Manual transmission when accelerating

Drive topologies

Drive topologies

Dominik Demetz

Abstract —Electric vehicles can, in comparison to vehicles with internal combustion engines, do without differential gears and manual transmissions, have machines built into the wheel and drive the wheels selectively. This document describes these drive concepts that are intended to change the automotive world. The electrification of the drive train is explained step by step: At the beginning, the components of the drive train of a conventional internal combustion vehicle are described. Building on this, the central drive with and without gearbox, the FRID, the wheel-near drive and the wheel hub drive are explained. The efficiency, safety aspects and general advantages and disadvantages are dealt with for each topology. The whole thing is concluded with an overview that compares the drive topologies with one another.

Index Terms —Drive topologies, electric vehicle, central drive, FRID, wheel hub drive, drive close to the wheel.

I. INTRODUCTION

When designing the drive train of a purely electric vehicle, there are many new possibilities compared to the combustion engine. Since electric machines consistently deliver approximately the same torque over the entire speed range up to their rated output, gears are no longer necessary [1]. In addition, electric machines weigh less and take up much less volume than combustion engines [8]. In addition, most connections and couplings are electrical components. Compared to mechanical components, these can be placed flexibly. In a conventional vehicle, the gearbox must be directly on the axle (coupling: axle), but the converter in an electric vehicle must not (coupling: cable).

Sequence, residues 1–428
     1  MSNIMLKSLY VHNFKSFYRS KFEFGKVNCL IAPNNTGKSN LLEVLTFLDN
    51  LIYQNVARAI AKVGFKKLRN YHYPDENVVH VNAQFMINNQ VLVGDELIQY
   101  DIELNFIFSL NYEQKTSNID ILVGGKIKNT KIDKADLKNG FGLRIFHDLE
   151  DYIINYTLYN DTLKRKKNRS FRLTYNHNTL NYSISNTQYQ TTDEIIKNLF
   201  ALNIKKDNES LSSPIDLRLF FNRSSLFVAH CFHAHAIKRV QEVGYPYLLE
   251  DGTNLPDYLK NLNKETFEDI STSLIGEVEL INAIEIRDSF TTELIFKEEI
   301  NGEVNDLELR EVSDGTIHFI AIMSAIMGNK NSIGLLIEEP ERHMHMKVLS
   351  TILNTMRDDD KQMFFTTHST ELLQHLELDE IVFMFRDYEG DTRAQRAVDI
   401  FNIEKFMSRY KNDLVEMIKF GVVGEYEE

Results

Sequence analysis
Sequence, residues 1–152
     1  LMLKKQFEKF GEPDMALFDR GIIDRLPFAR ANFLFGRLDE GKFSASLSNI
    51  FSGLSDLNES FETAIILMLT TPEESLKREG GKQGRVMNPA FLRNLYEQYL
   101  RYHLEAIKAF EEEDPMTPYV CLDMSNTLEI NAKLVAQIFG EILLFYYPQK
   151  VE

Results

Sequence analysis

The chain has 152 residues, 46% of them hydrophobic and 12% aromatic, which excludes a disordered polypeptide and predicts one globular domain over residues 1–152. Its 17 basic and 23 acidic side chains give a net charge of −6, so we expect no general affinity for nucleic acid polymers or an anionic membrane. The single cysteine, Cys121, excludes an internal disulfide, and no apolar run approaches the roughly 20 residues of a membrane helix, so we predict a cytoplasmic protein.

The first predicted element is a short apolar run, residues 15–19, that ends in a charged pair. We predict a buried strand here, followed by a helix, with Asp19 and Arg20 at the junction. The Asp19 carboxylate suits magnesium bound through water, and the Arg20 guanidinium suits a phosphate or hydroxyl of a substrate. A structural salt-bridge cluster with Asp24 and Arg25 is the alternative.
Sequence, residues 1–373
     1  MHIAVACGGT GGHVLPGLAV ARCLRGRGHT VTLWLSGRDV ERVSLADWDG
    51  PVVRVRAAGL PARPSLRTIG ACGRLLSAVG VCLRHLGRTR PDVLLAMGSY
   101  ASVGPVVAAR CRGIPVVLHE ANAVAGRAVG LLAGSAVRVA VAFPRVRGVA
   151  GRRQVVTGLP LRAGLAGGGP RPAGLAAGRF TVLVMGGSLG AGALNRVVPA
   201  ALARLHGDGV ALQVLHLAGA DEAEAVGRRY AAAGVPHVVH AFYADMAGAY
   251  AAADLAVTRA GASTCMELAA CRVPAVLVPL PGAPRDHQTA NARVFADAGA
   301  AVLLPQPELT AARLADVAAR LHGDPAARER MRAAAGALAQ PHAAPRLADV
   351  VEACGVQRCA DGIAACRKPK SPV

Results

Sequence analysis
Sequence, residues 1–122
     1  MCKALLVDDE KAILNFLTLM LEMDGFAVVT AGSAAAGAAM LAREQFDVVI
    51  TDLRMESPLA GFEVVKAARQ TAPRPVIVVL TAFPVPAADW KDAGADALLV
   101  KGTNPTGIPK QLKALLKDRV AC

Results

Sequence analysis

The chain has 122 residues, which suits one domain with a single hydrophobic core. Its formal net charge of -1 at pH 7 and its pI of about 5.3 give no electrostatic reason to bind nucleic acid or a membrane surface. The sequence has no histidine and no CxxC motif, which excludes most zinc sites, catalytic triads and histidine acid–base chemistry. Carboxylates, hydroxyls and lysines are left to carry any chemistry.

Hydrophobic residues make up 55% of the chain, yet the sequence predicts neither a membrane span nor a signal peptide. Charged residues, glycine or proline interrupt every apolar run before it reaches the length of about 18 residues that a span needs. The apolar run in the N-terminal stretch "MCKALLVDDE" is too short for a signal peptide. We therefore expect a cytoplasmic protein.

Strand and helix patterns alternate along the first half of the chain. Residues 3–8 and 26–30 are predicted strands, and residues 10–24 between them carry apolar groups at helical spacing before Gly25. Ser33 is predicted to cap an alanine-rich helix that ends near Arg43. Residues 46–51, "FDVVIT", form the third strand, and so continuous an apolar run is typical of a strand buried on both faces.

Because of this flexibility in the positioning of the components, the precise control and the affordability of electrical machines [11], con fi gurations of several machines are possible compared to "combustion vehicles" [3]. For these reasons, electric vehicles are referred to as drive types. These differ mainly in the mechanical components used and in the number and arrangement of the machines in the drive train.

II. CENTRAL DRIVE

The central drive is the most common drive in motor vehicles [2]. In a conventional internal combustion engine, it consists of an engine, a clutch, a manual gearbox and an axle gear with differential [1].

engine: The motor drives the shaft in the middle. A starter helps the internal combustion engine start because it does not work at low speeds.

coupling: The clutch couples or decouples the engine from the rest of the drive train

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Fig. 1. Drive train of a conventional combustion vehicle [19]

Manual transmission: A gasoline or diesel engine does not run over the entire speed and torque range with the same efficiency. This is illustrated on the consumption map as shown in Fig. 2. The contour lines describe the consumption at a certain speed and a certain power. The red curve describes the maximum power. A gearbox is used to operate the engine as close as possible to the most efficient operating state, both at low and high drive speeds, through suitable implementation [1]. Cogwheels convert the engine speed into

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Fig. 2. Consumption map of the Smart Forfour three-cylinder diesel engine [20]

Drive speed [12]. The power remains constant with the transmission, torque and speed change:

P. = M * n (1)